Researchers interested in evaluating the outcomes of psychotherapy distinguish between effectiveness and efficacy research. In contrast to effectiveness research, efficacy research:
- has better internal validity but limited external validity.
- has limited internal validity but better external validity.
- has better internal and external validity.
- has limited internal and external validity.
The Correct Answer is A.
Efficacy studies are conducted in well-controlled conditions, often using a structured manualized session format. In contrast, effectiveness studies are conducted in real-world settings with less experimental control. Therefore, while efficacy studies are useful for determining whether a treatment has beneficial effects under controlled conditions, effectiveness studies are useful for determining if those effects generalize to other conditions.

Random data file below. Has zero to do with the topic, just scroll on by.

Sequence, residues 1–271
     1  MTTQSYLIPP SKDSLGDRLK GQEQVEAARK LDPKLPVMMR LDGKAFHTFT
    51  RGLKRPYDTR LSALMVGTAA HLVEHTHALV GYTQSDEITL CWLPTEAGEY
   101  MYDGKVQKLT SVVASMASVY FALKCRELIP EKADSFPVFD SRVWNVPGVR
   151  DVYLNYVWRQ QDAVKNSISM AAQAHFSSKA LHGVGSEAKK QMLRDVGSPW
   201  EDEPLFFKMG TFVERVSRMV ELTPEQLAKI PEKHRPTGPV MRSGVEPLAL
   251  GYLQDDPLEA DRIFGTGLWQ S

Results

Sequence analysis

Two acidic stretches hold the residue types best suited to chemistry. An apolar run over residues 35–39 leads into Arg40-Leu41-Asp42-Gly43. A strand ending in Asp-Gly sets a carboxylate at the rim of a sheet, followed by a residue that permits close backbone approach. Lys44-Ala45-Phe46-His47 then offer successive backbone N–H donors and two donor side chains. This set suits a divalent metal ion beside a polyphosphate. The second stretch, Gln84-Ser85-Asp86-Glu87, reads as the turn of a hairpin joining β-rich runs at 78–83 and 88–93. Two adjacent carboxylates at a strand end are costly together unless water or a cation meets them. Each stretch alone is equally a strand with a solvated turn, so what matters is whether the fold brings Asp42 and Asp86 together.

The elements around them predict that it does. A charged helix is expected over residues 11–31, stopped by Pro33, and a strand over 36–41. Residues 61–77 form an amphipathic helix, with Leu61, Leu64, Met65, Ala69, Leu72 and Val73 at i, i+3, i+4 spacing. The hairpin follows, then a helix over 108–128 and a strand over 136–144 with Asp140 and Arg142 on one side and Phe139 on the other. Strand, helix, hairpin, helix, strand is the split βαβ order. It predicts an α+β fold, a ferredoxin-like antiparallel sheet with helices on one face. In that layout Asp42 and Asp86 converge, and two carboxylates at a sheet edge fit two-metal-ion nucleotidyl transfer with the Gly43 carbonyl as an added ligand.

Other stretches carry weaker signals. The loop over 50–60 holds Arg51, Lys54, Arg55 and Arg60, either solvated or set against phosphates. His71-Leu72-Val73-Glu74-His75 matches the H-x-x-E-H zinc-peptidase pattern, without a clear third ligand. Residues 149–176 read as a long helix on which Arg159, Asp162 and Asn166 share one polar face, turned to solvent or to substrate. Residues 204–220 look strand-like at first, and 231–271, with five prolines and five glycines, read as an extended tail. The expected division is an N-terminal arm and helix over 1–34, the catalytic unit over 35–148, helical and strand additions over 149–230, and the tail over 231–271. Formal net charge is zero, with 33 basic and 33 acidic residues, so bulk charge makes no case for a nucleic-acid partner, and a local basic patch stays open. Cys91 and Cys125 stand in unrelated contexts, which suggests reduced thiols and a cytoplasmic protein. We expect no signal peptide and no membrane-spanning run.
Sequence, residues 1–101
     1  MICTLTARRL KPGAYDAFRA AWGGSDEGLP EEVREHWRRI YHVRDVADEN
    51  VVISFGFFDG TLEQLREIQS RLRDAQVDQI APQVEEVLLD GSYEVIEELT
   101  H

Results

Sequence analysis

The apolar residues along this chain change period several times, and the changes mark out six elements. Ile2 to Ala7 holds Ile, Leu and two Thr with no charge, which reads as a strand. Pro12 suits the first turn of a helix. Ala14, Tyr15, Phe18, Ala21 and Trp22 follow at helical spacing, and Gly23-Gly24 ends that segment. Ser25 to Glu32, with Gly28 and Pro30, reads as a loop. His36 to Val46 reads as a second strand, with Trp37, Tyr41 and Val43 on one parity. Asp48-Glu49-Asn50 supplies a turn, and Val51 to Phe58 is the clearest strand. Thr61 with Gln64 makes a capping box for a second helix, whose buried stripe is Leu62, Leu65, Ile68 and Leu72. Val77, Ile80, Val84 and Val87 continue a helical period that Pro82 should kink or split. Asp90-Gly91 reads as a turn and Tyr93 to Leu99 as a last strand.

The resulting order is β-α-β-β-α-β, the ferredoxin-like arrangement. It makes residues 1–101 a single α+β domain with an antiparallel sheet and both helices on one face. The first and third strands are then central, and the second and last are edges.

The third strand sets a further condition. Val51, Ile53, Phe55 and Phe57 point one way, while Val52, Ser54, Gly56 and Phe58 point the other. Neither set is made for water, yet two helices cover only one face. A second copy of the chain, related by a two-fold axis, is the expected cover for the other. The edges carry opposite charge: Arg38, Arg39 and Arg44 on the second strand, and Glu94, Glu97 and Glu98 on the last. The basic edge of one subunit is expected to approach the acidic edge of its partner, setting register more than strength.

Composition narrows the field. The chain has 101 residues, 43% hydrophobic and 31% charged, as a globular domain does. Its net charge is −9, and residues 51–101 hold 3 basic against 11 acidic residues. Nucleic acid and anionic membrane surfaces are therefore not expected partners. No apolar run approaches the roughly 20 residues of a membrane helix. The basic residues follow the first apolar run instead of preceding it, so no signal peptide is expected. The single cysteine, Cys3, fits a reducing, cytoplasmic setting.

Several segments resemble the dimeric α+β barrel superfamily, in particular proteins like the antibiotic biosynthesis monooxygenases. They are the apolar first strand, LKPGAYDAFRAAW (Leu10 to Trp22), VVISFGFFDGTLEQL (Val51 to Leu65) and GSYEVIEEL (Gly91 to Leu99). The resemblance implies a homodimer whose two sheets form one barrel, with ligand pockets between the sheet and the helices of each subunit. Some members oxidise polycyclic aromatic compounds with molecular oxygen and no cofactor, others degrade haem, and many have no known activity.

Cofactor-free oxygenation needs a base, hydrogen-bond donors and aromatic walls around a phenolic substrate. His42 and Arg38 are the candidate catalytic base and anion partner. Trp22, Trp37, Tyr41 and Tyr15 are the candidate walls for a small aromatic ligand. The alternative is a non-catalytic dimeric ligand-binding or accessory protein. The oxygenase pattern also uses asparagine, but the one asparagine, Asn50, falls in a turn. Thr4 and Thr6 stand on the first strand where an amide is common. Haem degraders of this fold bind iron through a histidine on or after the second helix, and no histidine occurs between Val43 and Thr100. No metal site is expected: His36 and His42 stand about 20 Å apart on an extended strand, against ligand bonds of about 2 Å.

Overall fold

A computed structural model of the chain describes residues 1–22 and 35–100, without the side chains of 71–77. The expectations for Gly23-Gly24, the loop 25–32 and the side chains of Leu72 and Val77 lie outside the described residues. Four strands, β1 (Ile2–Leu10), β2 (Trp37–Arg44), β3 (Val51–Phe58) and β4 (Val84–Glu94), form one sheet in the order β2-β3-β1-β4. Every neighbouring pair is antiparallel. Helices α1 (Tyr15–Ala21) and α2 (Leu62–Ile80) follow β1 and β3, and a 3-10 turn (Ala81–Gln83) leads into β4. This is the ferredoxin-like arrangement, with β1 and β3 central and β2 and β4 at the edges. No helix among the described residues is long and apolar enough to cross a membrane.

(Note that, to identify the correct answer to this question, you not only have to be familiar with efficacy and effectiveness research but also with internal and external validity, which are described in the Statistics and Research Design chapter of the written study materials.)
Answer B: A criticism of efficacy research is that, by controlling many of the crucial elements of what is actually done during the course of delivering psychotherapy, the results have good internal validity but limited external validity.
Answer C: Efficacy studies are deemed to have good internal validity but limited external validity.
Answer D: Efficacy studies are deemed to have good internal validity but limited external validity.